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Improving The Chemical Engineering Curriculum Through Assessment: Student, Faculty, Staff, Alumni, And Industry Input

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Conference

2002 Annual Conference

Location

Montreal, Canada

Publication Date

June 16, 2002

Start Date

June 16, 2002

End Date

June 19, 2002

ISSN

2153-5965

Conference Session

Assessment & Quality Assurance in engr edu

Page Count

13

Page Numbers

7.644.1 - 7.644.13

DOI

10.18260/1-2--11198

Permanent URL

https://strategy.asee.org/11198

Download Count

84

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Paper Authors

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Sean Clancey

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Anton Pintar

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Jason Keith

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Abstract
NOTE: The first page of text has been automatically extracted and included below in lieu of an abstract

Main Menu Session 1360

Improving the Chemical Engineering Curriculum through Assessment: Student, Faculty, Staff, Alumni, and Industry Input

Sean Clancey, Jason M. Keith, and Anton J. Pintar Department of Chemical Engineering, Michigan Technological University, Houghton, MI 49931

Introduction

In response to requirements set forth by ABET2000 for the accreditation of engineering programs, the Deptartment of Chemical Engineering at MTU has been assessing its curriculum since 1995 (as described in a prior conference proceedings 1) using a series of assessment tools developed over the succeeding six years. Three of the tools, the department skills test and the senior exit surveys and interviews, were implemented for the first time in 1999. This paper will discuss the results of our assessments, focusing on 1999-2001, and how the department is using those results to improve instruction.

The eight tools of the MTU Chemical Engineering Assessment Program are the following: skills test, analysis of design reports, senior exit interview, alumni survey, writing portfolio, oral presentation skills, safety program, and performance on fundamentals of engineering exam.

Tool #1–Skills Test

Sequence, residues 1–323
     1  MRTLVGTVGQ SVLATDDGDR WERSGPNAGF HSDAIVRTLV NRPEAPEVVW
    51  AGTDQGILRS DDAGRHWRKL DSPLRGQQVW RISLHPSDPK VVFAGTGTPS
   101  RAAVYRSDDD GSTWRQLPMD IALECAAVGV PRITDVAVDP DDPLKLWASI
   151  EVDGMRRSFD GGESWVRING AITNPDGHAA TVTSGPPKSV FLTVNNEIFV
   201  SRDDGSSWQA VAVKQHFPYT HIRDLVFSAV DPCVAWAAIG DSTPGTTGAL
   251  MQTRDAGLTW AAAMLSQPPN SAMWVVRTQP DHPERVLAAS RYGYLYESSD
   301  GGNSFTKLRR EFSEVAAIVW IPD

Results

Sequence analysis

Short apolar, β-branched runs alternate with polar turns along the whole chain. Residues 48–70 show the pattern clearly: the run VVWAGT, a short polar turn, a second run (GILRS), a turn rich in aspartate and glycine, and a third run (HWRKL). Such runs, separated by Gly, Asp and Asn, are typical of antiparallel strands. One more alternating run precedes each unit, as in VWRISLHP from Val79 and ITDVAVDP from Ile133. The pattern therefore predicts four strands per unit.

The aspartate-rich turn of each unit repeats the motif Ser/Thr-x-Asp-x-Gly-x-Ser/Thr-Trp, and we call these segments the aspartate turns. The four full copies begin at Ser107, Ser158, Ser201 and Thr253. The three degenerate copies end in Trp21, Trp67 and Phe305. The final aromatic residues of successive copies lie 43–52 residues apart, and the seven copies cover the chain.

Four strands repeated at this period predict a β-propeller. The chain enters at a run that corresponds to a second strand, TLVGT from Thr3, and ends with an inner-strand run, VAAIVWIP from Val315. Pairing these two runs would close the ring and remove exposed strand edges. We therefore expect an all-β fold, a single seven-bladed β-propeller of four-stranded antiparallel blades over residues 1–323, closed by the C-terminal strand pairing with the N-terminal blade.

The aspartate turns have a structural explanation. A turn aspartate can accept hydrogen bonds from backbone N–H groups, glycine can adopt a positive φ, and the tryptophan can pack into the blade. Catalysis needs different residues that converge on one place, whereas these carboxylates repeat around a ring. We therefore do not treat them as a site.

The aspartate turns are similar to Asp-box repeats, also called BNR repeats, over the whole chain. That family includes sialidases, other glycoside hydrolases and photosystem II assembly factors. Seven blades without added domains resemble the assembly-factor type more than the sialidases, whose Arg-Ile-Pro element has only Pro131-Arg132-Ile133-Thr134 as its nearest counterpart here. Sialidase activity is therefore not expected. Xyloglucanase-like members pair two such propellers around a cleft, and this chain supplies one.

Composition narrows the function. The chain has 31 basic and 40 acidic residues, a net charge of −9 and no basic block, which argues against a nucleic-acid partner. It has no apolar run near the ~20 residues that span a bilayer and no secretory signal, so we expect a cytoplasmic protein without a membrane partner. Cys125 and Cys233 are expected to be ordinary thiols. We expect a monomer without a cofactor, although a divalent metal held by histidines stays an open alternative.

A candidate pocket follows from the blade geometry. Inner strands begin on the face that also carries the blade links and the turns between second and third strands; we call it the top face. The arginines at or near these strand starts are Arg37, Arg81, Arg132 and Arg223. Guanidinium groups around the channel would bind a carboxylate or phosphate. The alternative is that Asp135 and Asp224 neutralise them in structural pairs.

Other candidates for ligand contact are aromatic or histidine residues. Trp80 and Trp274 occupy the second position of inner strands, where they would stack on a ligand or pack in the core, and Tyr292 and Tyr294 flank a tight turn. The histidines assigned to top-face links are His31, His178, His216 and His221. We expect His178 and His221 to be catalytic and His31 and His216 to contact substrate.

Tool #1 in the department’s assessment plan is “department designed skills test to be given to the students in the Spring Quarter in the Unit Operations Laboratory. The test will measure fundamental knowledge, design skills, and problem solving skills.” The metric is “60% pass rate (>70 out of 100 score).”

A multiple-choice test with 22 questions was given late in the Spring Quarter, 2001 to eighty-three graduating seniors. This test was different than the previous year, when the test was composed of 13 questions. The students were bribed to take the exam by offering free pizza. However, many took it seriously when told it helped with accreditation. The questions covered the following areas: Fundamentals (basic definitions, unit conversions, mass balances, and energy balances); Transport Phenomena (fluid flow, heat transfer, and mass transfer); Thermodynamics; and Kinetics/Reactor Design. The overall results of the test are summarized in Table 1 below.

60% of the students answered 13/22 questions or better for a score of 59% or better on the exam. Only 19% of the students answered the required 16/22 or better to achieve at least a 70% score (considered passing by this metric). It is proposed to use the same exam next year to try and get an

Proceedings of the 2002 American Society for Engineering Education Annual Conference & Exposition Copyright © 2002, American Society for Engineering Education

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Clancey, S., & Pintar, A., & Keith, J. (2002, June), Improving The Chemical Engineering Curriculum Through Assessment: Student, Faculty, Staff, Alumni, And Industry Input Paper presented at 2002 Annual Conference, Montreal, Canada. 10.18260/1-2--11198

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